Flutter 3.3 shows off new features and its improved graphics engine

Google LLC today announced the release of Flutter 3.3, the company’s multiplatform user interface app development framework that is expanding support for even more specifications as the team is focusing on replacing its graphics engine.

This release follows up on the latest milestone of Flutter 3 in May, which expanded access for the framework support to macOS and Linux desktops, making it available on six platforms. With Flutter, developers can build one UI for their app that will run and look the same across multiple devices.

It allows developers to rapidly create stunning user interfaces and now includes enhanced support for Material 3 specifications on Android, plus new features aimed at tablets and desktops including handwriting support for tablets.

Flutter’s growth has increased since the release of Flutter 3. There are now more than 25,000 Flutter packages available for developers to choose from and the developers using them continue to publish more than 1,000 new apps to the Apple App and Google Play stores every day.

The team has been hard at work improving Impeller, Flutter’s new and improved graphics engine. It is a significant rewrite of the core rendering layer that currently underlies all of Flutter’s display capabilities. Once it is code-complete, Impeller will replace the previous Skia code with custom code that’s capable of taking full advantage of new chipsets and hardware-accelerated application programming interfaces such as Metal on iOS and Vulkan on Android.

Impeller provides predictable performance across all devices where all graphics compilation happens during build time and not while applications are running and caching is explicit. That reduces what is known as “jank” in apps today, when what should be smooth scrolling suddenly jumps or stutters.

As a result, Impeller should be able to provide a smooth, almost solid 60 Hertz refresh rate for most apps on mobile, which will be overkill for most productivity experiences and a must-have for any game.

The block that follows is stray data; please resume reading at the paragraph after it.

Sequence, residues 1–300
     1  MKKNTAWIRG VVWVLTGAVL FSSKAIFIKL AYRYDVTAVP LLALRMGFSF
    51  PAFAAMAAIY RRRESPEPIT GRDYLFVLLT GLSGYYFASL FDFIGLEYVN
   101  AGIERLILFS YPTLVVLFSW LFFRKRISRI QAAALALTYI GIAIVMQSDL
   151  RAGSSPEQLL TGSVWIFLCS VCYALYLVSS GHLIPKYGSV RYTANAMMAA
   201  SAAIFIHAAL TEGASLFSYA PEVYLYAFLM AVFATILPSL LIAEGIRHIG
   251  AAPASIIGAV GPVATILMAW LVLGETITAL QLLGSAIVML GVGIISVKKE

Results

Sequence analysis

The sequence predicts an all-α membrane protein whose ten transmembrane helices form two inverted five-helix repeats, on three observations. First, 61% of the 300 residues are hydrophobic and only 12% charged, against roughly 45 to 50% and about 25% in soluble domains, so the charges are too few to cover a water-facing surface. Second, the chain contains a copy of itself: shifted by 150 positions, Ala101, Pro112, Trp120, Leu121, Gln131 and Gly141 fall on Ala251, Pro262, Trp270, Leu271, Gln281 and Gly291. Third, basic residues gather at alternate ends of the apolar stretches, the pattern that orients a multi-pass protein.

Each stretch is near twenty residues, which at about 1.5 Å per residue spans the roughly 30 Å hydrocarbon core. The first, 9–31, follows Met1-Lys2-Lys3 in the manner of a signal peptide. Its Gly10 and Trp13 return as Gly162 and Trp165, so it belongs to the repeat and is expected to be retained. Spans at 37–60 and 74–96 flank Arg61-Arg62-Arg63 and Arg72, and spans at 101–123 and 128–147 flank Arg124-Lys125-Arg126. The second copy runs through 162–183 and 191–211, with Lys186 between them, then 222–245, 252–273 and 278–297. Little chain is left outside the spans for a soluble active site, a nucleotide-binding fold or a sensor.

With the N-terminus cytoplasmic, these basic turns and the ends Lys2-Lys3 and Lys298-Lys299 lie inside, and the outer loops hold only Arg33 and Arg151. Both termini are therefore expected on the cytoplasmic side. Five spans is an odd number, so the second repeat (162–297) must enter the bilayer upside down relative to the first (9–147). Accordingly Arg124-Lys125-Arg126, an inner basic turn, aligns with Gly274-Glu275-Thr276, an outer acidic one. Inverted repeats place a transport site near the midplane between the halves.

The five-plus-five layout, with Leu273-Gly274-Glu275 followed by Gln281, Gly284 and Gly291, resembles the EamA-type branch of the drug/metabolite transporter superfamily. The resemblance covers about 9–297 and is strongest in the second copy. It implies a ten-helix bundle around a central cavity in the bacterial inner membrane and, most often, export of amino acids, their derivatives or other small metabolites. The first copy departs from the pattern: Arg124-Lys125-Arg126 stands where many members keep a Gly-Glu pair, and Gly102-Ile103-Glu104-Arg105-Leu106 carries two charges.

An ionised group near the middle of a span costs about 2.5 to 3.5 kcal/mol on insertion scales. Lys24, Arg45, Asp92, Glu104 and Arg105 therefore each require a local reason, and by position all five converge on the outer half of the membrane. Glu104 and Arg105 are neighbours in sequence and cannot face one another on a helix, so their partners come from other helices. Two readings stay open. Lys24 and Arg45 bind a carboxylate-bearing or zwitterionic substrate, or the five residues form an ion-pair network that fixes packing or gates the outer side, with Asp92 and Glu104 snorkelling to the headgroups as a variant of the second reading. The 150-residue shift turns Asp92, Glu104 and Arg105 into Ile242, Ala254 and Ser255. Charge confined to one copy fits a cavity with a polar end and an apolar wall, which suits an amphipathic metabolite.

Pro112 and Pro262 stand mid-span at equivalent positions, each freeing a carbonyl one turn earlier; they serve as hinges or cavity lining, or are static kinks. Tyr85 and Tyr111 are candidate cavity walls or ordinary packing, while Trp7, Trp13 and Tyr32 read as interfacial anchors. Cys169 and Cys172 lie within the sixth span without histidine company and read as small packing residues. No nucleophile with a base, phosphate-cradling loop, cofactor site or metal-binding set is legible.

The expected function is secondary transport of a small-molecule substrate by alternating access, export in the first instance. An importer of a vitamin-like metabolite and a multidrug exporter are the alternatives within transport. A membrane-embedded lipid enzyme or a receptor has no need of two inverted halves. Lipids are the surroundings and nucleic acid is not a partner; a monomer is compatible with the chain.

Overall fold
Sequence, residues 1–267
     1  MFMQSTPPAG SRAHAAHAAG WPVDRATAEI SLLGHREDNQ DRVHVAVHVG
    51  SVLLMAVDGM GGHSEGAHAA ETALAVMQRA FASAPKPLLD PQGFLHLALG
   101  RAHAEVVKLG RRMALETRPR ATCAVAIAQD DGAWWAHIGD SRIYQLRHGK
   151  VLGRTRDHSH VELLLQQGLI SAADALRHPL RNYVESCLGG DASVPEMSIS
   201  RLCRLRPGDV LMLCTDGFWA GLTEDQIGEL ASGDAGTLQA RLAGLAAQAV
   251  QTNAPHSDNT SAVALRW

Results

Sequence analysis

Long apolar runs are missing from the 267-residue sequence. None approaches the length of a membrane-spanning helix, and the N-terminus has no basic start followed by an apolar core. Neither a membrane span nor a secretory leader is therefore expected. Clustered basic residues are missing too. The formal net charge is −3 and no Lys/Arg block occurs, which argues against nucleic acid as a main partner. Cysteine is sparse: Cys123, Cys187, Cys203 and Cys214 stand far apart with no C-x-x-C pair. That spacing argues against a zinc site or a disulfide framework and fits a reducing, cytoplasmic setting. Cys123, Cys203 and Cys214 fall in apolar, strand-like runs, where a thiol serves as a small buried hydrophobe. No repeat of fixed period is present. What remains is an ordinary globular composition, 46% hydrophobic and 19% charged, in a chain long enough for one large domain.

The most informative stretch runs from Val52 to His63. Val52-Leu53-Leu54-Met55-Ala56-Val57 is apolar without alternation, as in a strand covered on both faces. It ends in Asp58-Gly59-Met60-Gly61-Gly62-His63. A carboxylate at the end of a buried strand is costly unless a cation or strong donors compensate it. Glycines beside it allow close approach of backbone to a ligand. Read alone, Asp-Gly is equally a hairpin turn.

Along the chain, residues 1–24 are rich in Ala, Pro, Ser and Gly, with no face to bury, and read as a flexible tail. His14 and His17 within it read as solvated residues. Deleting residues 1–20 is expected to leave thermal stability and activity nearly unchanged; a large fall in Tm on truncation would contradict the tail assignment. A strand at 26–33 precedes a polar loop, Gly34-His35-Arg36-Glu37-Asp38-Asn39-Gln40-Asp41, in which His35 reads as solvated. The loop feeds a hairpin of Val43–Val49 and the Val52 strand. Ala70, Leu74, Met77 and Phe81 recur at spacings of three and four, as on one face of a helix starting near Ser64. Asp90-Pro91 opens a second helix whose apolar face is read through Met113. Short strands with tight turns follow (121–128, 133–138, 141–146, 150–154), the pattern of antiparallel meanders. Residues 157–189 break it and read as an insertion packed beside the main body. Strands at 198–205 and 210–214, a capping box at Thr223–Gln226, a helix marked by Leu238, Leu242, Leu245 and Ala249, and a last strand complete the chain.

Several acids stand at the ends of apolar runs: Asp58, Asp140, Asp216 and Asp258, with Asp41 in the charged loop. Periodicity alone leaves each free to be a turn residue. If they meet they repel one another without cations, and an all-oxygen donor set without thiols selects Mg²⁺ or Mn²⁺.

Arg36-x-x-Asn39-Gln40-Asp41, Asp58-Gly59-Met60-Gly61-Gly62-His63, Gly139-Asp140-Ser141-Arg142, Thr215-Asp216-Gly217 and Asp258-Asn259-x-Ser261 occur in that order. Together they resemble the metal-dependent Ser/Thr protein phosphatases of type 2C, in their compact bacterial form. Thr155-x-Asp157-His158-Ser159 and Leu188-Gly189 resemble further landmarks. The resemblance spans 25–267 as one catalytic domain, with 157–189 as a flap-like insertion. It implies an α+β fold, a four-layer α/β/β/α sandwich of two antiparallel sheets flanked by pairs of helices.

Although Impeller is not feature complete yet and still optimizing performance, it is available to developers interested in testing it out themselves. Early adopters can try it out right now on iOS without any code changes, other than enabling it with a flag. More information on Impeller’s architecture and how to enable it is available on the developer wiki.

This new release also included Dart 2.18, a programming language for developing powerful apps, that includes the ability to call functions and libraries written in Swift or Objective-C, which are common languages for iOS and Android apps.

As for showcasing everything in the new and improved Flutter 3.3 with Impeller, the Flutter team has partnered with a design team at gskinner to release a new app to showcase all of the new improvements in Flutter and Impeller.

The app, called Wonderous, allows users to navigate through a splendidly designed UI and also provides an example of a wide variety of visual techniques and best practices with the hopes of inspiring developers. It will include visuals from the Taj Mahal in the Indian city of Agra to the Mayan ruins of Chichén Itzá on the Yucatán peninsula of Mexico, the idea is to provide a portal into history, art and culture with an eye for design and compilation.

Over the coming weeks, gskinner will share more detailed technical articles about making the app, including animation techniques and how Flutter was used to produce to make the app more accessible and performant.

Images: Google

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